What are similarities and differences in the poems "Death Came to See Me in Hot Pink Pants" by Heather Royes and "Because I Could Not Stop For Death" by Emily Dickinson?

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Tamara K. H. eNotes educator| Certified Educator

In both the poems "Death Came to See Me in Hot Pink Pants" and "Because I could not stop for Death," the poets Heather Royes and Emily Dickinson respectively each give very different interpretations of the inevitable encounter with death, though both also refer to death in similar ways.

One similarity between the two poems is that both poets choose to speak of the death experience by personifying death; however, both poets also personify death in very different ways. More specifically, Heather Royes chooses to personify death in a completely uncharacteristic way by having him appear dressed in disco fashion with hot-pink pants, a hot-pink waistcoat, and pink sequins on the shoulders of his jacket. Also, uncharacteristically, she chooses to personify death as a "black saga boy." While her exact meaning in the phrase "black saga boy" is a little ambiguous, a saga can refer to a "dramatic history of a group, place, industry, etc." (Random House Dictionary). So, since death is being personified as a "black saga boy," we might assume she means to describe death as a black boy, or boy of African descent, who comes from the long, dramatic, and tragic history characteristic of those of African descent. Hence, unlike most personifications of death, Royes is personifying death as a black boy with a long and tragic history who is also dressed all in disco hot pink.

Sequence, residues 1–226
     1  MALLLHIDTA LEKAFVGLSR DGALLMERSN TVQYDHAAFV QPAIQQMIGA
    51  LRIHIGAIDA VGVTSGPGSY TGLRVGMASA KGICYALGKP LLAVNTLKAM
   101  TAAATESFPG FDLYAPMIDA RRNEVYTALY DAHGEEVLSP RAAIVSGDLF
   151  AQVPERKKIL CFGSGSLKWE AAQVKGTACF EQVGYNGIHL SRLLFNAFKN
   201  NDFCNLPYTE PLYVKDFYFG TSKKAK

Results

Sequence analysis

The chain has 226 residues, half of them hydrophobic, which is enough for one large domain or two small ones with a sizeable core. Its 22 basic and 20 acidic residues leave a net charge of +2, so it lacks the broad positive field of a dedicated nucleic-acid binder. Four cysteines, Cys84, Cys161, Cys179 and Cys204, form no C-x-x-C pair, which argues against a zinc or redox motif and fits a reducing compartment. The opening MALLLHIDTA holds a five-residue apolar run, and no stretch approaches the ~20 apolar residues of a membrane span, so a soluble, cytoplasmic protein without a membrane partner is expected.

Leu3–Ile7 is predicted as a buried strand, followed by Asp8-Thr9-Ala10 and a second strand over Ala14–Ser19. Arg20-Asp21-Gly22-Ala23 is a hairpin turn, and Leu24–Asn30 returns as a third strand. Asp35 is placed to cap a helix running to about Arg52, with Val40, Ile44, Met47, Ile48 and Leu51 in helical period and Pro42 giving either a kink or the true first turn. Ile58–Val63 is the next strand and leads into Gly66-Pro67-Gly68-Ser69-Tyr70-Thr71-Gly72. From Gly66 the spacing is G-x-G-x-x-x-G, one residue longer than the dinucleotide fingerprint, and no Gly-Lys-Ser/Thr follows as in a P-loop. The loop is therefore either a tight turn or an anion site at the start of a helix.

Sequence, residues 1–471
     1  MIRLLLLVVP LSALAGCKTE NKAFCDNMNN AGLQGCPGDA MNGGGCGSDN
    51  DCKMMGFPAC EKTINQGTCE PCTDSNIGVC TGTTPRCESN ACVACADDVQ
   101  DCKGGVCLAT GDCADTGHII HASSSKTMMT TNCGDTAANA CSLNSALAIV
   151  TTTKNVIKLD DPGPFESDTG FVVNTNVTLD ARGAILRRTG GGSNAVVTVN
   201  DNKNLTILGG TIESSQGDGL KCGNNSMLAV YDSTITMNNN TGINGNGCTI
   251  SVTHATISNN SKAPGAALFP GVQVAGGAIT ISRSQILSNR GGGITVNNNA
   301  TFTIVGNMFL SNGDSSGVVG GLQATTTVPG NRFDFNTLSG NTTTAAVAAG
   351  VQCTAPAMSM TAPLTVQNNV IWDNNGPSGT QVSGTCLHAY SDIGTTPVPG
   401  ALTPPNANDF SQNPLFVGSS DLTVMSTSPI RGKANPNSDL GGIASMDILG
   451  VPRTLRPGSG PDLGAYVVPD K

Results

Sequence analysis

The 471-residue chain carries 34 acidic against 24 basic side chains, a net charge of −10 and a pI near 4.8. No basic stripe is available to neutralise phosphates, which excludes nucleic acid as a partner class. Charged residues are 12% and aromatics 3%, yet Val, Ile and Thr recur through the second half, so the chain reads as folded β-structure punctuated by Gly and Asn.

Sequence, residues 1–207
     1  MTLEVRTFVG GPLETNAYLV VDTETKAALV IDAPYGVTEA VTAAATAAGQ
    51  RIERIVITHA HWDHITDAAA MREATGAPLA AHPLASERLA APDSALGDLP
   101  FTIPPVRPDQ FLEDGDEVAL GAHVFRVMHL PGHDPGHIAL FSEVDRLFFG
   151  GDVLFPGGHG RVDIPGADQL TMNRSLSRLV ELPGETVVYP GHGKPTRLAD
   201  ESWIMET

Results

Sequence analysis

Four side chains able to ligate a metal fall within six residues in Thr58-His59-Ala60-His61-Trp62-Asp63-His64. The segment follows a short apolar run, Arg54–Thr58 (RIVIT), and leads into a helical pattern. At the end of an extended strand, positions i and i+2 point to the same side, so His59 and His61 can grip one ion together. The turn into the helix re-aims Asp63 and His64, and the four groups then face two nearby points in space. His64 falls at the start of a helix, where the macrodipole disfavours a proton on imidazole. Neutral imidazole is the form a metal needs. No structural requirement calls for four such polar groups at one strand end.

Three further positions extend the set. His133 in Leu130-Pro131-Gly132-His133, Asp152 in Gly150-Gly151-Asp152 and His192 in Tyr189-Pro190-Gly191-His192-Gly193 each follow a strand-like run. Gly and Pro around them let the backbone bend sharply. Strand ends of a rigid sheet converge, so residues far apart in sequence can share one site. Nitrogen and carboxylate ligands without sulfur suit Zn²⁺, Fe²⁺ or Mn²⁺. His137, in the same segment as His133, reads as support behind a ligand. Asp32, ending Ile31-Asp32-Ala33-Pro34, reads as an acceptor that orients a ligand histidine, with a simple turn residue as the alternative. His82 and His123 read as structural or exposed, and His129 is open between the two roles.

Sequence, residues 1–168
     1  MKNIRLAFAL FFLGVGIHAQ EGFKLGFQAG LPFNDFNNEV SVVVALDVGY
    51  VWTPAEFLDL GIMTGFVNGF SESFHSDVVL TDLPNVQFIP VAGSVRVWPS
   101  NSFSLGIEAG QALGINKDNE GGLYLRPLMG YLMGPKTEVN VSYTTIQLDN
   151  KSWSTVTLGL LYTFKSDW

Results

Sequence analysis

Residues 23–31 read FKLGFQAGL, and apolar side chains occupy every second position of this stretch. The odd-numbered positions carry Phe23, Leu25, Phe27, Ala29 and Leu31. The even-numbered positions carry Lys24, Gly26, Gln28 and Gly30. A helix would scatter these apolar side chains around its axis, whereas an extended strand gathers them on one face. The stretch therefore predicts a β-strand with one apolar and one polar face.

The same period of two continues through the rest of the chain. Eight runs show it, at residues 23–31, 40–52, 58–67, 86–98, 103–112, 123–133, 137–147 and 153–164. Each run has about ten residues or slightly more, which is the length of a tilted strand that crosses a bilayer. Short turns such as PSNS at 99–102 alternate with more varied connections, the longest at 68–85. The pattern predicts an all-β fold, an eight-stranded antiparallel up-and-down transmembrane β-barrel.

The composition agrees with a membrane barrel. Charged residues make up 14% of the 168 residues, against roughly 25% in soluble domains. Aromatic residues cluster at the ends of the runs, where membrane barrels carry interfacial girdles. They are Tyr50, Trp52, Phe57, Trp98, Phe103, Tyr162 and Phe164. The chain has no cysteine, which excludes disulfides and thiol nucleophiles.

In contrast, Emily Dickinson gives a much more typical personification of death. She has Death pull up in a carriage and carry her past all the things of the world she once knew, such as school, children, fields of grain, and the setting sun, and take her to a very large house, a house so large that its "[r]oof was scarcely visible." It is here at this house that she passes the rest of eternity. Since death is only personified as one who draws a carriage to pick up the deceased person, we see that Dickinson's personification of death is much more traditional and characteristic than Royes' personification. In fact, in Celtic folklore, death is personified as one who either rides up on horseback or drives a carriage pulled by black horses to the deceased person's home. The person would immediately die as soon as Death called out the person's name. Hence, we see that Dickinson has chosen to use fairly well-known personification from Celtic folklore to personify Death in her poem, while Royes is much more original in her personification.